I don't like having mice running around my kitchen, gnawing the bars of soap and wooden spoons. But I'd rather not kill wild creatures that are just trying to find somewhere warm in the winter. And I really don't like removing squashed vermin from conventional sprung traps. So I use the method my grandmother taught me, which causes no harm to the mouse and is surprisingly effective. Usually I manage to catch the interloper on the first night, although sometimes it takes two or three nights. Then I relocate it to a wood on the other side of a road, in the hope it will be happy there and won't find its way back.
The other big advantage of this method is it uses things that you will already have around the house. It saves having to try and remember where you put the mousetrap after its last outing.
All you need is:
- A large bowl, such as a mixing bowl, preferably glass
- A thimble, or a bottle cap of a similar size and shape
- Bait - chocolate and peanut butter are good, or go with the old favourite, cheese
- A sheet of stiff cardboard big enough to cover the bowl
- Flour (optional)
Warning: just occasionally, a mouse will be injured or killed using this method, so buy a humane mousetrap instead if you really can't bear the thought. You can find them in pet shops where they are sold for re-capturing escapee pet mice and hamsters.
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Step 1: Setting the Trap
The best time to catch mice is overnight, when it's quiet and dark and they feel it's safe to come out and look for food. Before you go to bed, choose where to set the trap. It needs to go on a hard, smooth surface where there is evidence of mouse activity - droppings, in other words. If you can figure out where the mice are getting in or are hiding out during the day, then put it nearby. Clear away everything else from the area that a mouse may want to eat.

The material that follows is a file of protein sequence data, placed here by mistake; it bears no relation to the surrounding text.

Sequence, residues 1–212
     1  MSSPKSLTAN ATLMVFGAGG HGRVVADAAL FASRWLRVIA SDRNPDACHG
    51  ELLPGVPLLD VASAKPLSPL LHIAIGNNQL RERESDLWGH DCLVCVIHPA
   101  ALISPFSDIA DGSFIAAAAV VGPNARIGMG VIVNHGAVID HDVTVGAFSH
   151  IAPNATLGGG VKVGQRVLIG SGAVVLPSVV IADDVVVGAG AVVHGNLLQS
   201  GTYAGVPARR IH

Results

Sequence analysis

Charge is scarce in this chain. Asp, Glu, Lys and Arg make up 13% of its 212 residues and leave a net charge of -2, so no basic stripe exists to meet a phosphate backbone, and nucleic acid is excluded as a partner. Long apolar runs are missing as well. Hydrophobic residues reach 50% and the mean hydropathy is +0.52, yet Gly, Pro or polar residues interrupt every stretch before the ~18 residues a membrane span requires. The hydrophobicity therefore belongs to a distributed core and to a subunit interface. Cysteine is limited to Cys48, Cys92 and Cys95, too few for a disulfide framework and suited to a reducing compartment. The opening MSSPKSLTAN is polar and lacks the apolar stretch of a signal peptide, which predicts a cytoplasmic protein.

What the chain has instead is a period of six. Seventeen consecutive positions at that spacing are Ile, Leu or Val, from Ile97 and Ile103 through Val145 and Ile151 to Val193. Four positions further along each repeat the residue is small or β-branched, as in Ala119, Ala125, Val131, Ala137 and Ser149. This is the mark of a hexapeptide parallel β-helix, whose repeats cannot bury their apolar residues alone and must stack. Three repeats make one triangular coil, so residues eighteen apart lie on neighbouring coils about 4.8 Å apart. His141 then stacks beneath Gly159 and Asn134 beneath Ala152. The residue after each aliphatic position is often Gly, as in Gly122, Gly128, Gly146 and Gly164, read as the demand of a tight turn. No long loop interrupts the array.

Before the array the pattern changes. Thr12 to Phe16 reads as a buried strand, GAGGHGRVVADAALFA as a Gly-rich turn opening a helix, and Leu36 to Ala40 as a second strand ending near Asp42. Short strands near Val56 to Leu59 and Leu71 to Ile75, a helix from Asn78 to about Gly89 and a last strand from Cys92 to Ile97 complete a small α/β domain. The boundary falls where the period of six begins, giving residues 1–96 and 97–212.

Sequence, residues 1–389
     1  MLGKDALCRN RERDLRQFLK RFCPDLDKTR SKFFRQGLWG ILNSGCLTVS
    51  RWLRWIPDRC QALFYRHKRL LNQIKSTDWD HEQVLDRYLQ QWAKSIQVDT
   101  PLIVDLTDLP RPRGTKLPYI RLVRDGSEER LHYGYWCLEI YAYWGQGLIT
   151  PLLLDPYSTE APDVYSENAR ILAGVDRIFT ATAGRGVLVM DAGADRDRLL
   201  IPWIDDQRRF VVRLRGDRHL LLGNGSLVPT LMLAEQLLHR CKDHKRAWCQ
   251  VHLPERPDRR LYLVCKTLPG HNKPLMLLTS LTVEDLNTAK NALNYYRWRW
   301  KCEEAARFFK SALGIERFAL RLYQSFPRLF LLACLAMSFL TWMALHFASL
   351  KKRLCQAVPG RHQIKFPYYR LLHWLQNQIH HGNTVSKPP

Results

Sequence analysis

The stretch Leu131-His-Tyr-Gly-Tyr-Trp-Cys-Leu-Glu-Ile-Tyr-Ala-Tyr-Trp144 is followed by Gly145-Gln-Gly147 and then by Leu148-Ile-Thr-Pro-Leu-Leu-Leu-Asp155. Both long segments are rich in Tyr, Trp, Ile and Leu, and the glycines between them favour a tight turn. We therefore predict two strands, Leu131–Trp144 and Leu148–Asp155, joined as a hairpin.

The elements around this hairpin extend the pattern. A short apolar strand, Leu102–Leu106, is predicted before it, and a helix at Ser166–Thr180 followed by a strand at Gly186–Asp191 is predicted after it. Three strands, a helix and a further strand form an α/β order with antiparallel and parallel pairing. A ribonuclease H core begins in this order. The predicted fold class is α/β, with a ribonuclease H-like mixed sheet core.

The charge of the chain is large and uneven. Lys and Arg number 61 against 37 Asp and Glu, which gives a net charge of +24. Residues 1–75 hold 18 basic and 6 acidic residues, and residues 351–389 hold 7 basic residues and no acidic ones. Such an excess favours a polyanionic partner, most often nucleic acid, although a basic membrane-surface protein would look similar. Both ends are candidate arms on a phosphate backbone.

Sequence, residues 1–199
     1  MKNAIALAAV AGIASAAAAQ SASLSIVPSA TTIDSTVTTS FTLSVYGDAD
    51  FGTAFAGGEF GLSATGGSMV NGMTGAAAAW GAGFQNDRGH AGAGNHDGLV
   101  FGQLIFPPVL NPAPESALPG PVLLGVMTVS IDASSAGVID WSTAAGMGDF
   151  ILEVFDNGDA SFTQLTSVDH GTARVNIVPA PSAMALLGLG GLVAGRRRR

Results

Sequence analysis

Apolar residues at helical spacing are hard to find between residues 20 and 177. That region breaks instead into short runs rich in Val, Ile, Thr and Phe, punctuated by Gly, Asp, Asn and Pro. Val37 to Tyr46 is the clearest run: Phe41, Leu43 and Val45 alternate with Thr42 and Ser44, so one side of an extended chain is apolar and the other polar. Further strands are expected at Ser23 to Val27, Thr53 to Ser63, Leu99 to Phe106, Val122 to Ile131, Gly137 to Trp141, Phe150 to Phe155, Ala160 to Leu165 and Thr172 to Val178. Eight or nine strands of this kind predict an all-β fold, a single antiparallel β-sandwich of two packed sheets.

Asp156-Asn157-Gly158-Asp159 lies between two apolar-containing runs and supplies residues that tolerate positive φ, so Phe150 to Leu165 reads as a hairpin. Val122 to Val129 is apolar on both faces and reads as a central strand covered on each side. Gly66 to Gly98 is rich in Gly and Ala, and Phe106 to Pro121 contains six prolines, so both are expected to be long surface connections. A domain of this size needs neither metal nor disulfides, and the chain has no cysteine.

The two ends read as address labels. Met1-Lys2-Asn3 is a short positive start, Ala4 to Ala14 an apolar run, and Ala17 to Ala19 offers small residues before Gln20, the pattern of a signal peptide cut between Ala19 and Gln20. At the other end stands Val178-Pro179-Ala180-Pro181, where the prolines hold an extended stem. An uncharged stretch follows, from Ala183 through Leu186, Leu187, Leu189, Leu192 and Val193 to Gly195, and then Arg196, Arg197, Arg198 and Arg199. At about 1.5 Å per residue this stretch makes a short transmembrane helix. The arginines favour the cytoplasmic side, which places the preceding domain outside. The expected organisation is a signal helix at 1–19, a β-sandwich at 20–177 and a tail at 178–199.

Put some bait into the thimble. Push it well in - for something hard like cheese or chocolate, cut a piece that will wedge into the bottom of the thimble. It needs to be quite difficult for the mouse to get it out.
Now place the thimble on its side with the upturned bowl resting on it and the open end of the thimble inside the bowl. Then go to bed. The mouse will come along, smell the bait, squeeze under the edge of the bowl next to the thimble and paw at the thimble from inside the bowl to get at the bait. The thimble rolls, the bowl drops and voila! you have caught a mouse.
If you're using a ceramic bowl or one made of some other opaque material, it's a good idea to dust flour lightly around the trap, then you can tell if there's a mouse under it or not. Sometimes the mouse will nudge the thimble on its way into the bowl with the result that the bowl falls without trapping the mouse, or lands on the mouse and kills it. But if you find the bowl flat on the floor and a set of pawprints going in one direction only, you know you've caught something and you can proceed to the next step. Otherwise, just put the bowl and thimble away and try again the next night. Mice don't have long memories, fortunately.
Step 2: Releasing the Mouse
To remove the mouse, slide a piece of cardboard under the bowl. (Slowly! You don't want to hurt the mouse do you, or you wouldn't be catching it this way?) Don't lift the edge of the bowl any higher than is absolutely necessary, because mice can squeeze through incredibly tight gaps.
Then you can pick up bowl, mouse and cardboard and relocate the captive to a less domestic environment.
Apologies for the photo quality, taking a decent picture through a glass bowl isn't easy.
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